Wall Street analysts that follow the satellite industry generally viewed the relationship between DBS and regional phone service as a reasonable way for both sectors to compete with cable’s bundled services. Whether the alliances become successes is another question.
Tom Watts, a New York-based analyst with SG Cowen, said that the “deals certainly give telcos a better bundle to respond to cable’s bundled offering of video, data and voice. The lower pricing of DSL versus cable modem, plus the lower pricing of satellite versus cable video offerings, should bring real value to customers.”
Certain consumers are more likely to subscribe to satellite services if they can buy it through their local phone company rather than having to go to Circuit City [NYSE: CC] or Best Buy [NYSE: BBY], Watts said. Even without the bundling deals, consumers are continuing to show a clear preference for satellite over cable, he added.
New York-based AOL Time Warner’s [NYSE: AOL] second quarter results released last week show that the company’s cable subscriber base grew only 0.9 percent, year-over-year, roughly the same growth rate of cable for the last five years, Watts said. During the identical period, satellite grew roughly 20 percent per year.
Benjamin Swinburne, a New York-based satellite analyst at Morgan Stanley, said that the success of the SBC/EchoStar co-branding alliance would depend on back office integration of billing, order management and customer care. A previous SBC/EchoStar marketing arrangement had “very limited success,” he added.
The impetus for SBC and other regional phone companies to pursue such bundled services now is that cable TV operators are expected to be ready to introduce IP telephony in the 2004-2005 period, Swinburne said.
Karim Zia, a New York-based analyst with Deutsche Bank, said last week that he viewed the SBC/EchoStar partnership as the first of many arrangements between the Bells and DBS.
Jimmy Schaeffler, a satellite market analyst who heads The Carmel Group, wondered whether satellite operators can maintain their quality image, while ceding “so much control” over marketing and customer service to regional phone companies. EchoStar’s deal with SBC also raises the issue of whether EchoStar chief Charlie Ergen would be interested in selling his company to a Bell.
“These partnerships will require intelligent marketing and operation tactics and true cooperation to build awareness and service the customer, not just a $5 off coupon,” said Bruce Leichtman, a satellite and cable analyst who heads Durham, N.H.-based Leichtman Research Group. “The key is to help attract new movers who represent the true ‘jump ball’ and create packages that provide ‘glue,’ giving consumers less reason to switch.”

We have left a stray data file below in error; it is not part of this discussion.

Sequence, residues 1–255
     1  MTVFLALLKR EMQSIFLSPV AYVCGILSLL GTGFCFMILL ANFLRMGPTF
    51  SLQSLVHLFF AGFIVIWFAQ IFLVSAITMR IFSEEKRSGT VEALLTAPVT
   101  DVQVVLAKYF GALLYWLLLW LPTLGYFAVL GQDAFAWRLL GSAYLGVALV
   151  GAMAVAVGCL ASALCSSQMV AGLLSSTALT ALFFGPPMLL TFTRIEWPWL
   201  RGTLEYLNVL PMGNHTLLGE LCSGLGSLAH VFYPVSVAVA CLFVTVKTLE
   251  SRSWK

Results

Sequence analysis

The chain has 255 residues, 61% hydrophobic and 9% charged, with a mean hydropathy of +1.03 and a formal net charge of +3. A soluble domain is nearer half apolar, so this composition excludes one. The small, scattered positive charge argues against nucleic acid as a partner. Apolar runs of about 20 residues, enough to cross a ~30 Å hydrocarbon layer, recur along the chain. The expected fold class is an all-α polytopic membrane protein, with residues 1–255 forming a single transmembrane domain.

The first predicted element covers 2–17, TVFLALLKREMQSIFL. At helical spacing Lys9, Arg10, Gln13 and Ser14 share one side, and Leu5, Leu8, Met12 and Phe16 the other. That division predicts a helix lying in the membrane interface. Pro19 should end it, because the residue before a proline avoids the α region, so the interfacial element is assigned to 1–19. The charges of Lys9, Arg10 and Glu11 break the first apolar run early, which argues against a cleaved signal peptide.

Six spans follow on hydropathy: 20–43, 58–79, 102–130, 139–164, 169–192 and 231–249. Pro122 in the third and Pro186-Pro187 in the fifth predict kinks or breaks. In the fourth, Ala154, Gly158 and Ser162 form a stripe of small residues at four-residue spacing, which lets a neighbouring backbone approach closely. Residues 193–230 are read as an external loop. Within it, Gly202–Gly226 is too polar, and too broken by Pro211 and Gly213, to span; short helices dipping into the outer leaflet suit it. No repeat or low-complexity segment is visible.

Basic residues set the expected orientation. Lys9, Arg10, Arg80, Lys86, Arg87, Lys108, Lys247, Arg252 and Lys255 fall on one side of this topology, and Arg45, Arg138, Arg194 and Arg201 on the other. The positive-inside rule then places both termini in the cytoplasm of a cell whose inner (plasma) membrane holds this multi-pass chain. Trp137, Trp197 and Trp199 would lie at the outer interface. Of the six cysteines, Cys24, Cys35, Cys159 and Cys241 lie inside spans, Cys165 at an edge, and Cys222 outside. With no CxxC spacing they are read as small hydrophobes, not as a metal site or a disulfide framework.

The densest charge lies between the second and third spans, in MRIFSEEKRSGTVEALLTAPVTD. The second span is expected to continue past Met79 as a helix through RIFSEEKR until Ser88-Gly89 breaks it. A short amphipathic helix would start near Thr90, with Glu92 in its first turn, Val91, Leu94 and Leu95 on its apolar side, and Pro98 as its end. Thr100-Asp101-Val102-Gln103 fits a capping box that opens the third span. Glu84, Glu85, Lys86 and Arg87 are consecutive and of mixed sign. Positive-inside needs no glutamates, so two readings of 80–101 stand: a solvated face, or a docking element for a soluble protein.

Andy Wright, president of the Alexandria, Va.-based Satellite Broadcasting and Communications Association, said consumers will be the “big winners” from last week’s alliances by benefiting from robust packages that will ease access to both television and phone services.
“These announcements are concrete examples of how the DBS industry will effectively compete with the bundled offerings of the cable giants and provide services that add fuel to our growth,” Wright said.
Steve Effros, president of the Fairfax, Va.-based Effros Communications cable TV consultancy, countered that satellite TV and phone service providers have worked together in the past without much success. He does not expect the alliances announced last week to be any different.
“SBC has sold off or closed down every video effort that it has undertaken in the past. Even a donkey doesn’t trip over the same stone twice. I expect this is another one of the grand pronouncements that will not fulfill its promises,” Effros said.
One peculiarity of the EchoStar/SBC deal is that it would make SBC, an unproven seller of video services, the marketer of the co-branded service with EchoStar in 13 states, Effros said. EchoStar arguably is the best marketer of U.S. satellite TV services, based on its faster subscriber growth compared with rival DirecTV that focuses on enticing higher-end customers.
One incentive for EchoStar to participate in the arrangement is SBC’s commitment to provide $500 million in financing to the satellite TV services provider.
“If Charlie [Ergen] is going to cede the marketing to SBC, it is great for cable,” Effros said. “If SBC will offer a bundled service, who will do the install?” If SBC employees perform the installations, the arrangement with EchoStar may not be a smooth one. With digital cable, installations involve one truck and one person for all bundled services, he added.
“Is the telephone guy going to go on the roof and install the satellite dish? I don’t think this is going to create a major dislocation in the market between satellite and cable. If history is my guide, I don’t have to lose too much sleep if I’m a cable person,” Effros said.
The arrangement with SBC is not risk-free for EchoStar. “Customer satisfaction level is high for satellite TV but when you bundle video with other services, it could pose potential problems,” he added. –Paul Dykewicz
(Larry Solomon, SBC Communications, 210/351-3990; Marc Lumpkin, EchoStar, 303/723-2020; Jim Stroud, Blackbird Communications, 831/384-6898; Jim Smith, Verizon, 212/395-7746; Jeff Battcher, BellSouth, 404/249-2793;Tom Watts, SG Cowen, 212/278-4260; Benjamin Swinburne, Morgan Stanley, 212/761-7527; Karim Zia, Deutsche Bank, 212/250-7591; Jimmy Schaeffler, The Carmel Group, 831/643-2222; Bruce Leichtman, Leichtman Research Group, 603/397-5400; Steve Effros, Effros Communications, 703/631-2099; Andy Wright, SBCA, 703/739- 8376)
- The cable “triple play” of offering video, voice and broadband services currently is overplayed. So far, only 2.275 million people receive phone service from their cable company.
- Where cable is doing very well is with the “double play” of digital cable and high-speed Internet.
- Only two Bell companies are dancing with satellite partners. BellSouth and Verizon have yet to commit.
- Partnerships between DBS and Bells have occurred before and with little success. One example is DirecTV and AT&T.
Source: Bruce Leichtman, Leichtman Research Group